Most of this summer was dominated by the dual fears of a trade war and a recession. A weakening of underlying economic data backed up the view that we may be headed for a recession, and the long yield curve inversion only heightened those fears. However, new economic data is providing a pretty strong rebuttal to those ideas. The last four economic releases, including home sales, jobless claims and beyond, have all come back more strongly than forecast.
FINSUM: The economy never looked that bad, as it was mostly the yield curve and trade war that pushed fears of a downturn. Accordingly, we don’t think these recent data releases will have much of an effect one way or the other.
Despite the seeming progress in the trade war this week, markets took a negative turn today. The reason why? The August jobs report. The US economy only added 130,000 new jobs in August, fewer than expected. Economists thought the economy would add 173,000 jobs. The August figure is also down substantially from July’s 159,000 figure.
FINSUM: The irony of the market falling on this jobs report is that it will likely support Fed rate cuts, which everyone seems to want. We think of this as a sort of goldilocks report—not too weak to make you worry, but weak enough to support loose monetary policy.
Jay Powell, head of the Fed, has been working on a year-long project to overhaul one of the Fed’s most important goals. That goal is full employment. The Fed only has two mandates, stable prices in the economy, and maximum employment. Yet the definition of maximum employment is now up for debate. At the core of the consideration is the idea that having a job is different than having a good job. The difference between the two means the Fed may use a different calculation for measuring employment. That potential change has huge implications, as it would likely lead to looser monetary policy both in the immediate future and further out.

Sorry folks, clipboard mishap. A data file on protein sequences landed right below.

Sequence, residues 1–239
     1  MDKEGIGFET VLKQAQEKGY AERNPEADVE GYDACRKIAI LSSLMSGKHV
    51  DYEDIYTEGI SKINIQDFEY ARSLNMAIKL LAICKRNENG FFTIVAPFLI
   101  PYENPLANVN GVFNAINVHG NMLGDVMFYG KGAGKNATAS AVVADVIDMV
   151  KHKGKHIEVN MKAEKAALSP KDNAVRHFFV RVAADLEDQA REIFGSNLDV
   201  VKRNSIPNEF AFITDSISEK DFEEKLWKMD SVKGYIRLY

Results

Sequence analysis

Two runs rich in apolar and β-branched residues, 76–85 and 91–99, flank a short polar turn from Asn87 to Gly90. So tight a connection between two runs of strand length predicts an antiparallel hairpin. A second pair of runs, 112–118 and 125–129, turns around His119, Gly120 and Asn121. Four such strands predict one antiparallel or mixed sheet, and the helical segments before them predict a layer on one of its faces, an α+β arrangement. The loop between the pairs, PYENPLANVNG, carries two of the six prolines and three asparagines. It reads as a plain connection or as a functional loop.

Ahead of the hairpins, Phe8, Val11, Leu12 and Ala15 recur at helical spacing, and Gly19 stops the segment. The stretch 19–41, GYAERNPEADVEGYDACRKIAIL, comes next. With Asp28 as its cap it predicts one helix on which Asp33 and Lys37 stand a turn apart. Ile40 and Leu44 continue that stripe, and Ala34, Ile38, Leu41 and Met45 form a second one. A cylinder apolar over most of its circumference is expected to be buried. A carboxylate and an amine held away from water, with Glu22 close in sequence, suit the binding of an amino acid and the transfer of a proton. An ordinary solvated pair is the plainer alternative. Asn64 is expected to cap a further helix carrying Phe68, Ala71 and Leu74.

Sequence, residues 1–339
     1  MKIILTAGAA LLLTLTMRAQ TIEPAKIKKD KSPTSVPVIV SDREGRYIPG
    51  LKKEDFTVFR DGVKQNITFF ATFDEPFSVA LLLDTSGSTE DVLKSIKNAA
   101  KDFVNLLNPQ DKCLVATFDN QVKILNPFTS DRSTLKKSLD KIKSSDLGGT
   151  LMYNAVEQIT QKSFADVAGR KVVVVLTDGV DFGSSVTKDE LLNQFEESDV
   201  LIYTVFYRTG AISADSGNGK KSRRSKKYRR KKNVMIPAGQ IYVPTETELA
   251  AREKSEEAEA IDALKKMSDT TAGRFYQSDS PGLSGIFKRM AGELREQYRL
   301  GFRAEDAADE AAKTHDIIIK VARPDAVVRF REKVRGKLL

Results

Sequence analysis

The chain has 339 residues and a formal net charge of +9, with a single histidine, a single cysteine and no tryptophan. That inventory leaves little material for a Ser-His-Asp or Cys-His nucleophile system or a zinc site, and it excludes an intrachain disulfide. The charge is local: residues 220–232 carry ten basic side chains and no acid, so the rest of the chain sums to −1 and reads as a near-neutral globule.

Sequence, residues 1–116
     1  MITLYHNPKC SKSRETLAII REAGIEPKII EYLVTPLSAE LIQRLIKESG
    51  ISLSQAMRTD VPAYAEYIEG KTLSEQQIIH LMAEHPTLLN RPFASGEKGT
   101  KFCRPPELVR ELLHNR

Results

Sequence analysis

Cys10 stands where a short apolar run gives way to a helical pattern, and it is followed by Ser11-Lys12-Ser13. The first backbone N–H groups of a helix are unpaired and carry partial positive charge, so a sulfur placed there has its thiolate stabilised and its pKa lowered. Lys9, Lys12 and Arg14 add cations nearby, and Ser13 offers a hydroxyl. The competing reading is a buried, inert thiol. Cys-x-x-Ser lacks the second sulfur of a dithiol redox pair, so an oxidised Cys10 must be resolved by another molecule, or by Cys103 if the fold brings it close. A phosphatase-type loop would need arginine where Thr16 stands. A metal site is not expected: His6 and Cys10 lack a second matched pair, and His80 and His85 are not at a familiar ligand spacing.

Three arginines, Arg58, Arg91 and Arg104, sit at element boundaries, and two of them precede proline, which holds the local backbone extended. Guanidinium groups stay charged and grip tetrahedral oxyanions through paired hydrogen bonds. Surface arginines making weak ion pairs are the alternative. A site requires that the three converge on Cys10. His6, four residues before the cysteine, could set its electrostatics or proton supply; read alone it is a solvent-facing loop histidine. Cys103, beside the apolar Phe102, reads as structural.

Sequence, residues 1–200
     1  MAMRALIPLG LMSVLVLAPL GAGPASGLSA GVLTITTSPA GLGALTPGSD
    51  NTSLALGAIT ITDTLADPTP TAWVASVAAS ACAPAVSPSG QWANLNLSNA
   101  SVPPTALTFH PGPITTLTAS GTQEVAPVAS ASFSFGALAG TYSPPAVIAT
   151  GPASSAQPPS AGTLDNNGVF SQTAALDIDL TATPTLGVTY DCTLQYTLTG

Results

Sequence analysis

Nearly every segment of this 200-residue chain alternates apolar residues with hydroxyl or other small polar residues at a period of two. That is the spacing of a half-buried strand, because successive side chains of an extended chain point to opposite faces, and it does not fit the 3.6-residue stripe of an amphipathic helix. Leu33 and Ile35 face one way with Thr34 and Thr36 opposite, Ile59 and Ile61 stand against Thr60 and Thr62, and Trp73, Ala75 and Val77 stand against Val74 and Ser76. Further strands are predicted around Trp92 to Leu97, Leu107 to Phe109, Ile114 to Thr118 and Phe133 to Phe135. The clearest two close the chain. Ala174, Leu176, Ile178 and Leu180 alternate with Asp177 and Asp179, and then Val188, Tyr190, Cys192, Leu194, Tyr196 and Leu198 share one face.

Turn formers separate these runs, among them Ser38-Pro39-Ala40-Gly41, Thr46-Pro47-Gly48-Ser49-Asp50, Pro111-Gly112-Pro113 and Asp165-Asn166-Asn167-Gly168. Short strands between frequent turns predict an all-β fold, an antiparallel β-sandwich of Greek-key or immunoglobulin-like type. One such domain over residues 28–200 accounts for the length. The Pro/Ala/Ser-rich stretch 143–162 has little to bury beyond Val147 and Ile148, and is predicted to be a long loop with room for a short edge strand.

FINSUM: We think there is a big difference between the quality of different jobs in the economy which needs to be accounted for by the Fed. The current way of measuring employment was designed when most jobs were permanent and full-time, but with the rise of the gig economy, measuring methods need to shift to account for the changing nature of the labor market.
One of the best indicators of the health of the economy from the last several years has been the strength of the labor market. In particular, low unemployment and jobless claims have highlighted a tight labor market traditionally associated with a strong economy. However, what if the opposite was the case? Recent academic studies show a new recession indicator: full employment. Historically, downturns have typically started about 12 months following the lowest unemployment rate reached in a cycle.
FINSUM: We are currently at 3.7% unemployment, which is VERY low. It seems like the economy is exactly in the “12 months from a recession” position, at least according to this research.
Is the US economy breaking out of its short-term data tailspin? Maybe. This week has seen some improved news, none more so than new hiring data released this morning. US hiring in March was much better, with the economy creating 196,000 jobs, significantly higher than forecasted and up hugely from February’s barely positive numbers. Wage growth decreased slightly in pace, but was solid at 3.2%. The unemployment rate remained steady at 3.8%.
FINSUM: This could mean the weak data recently was just a blip and things are still on course. The data is lining up to show this might have been a big bond market overreaction…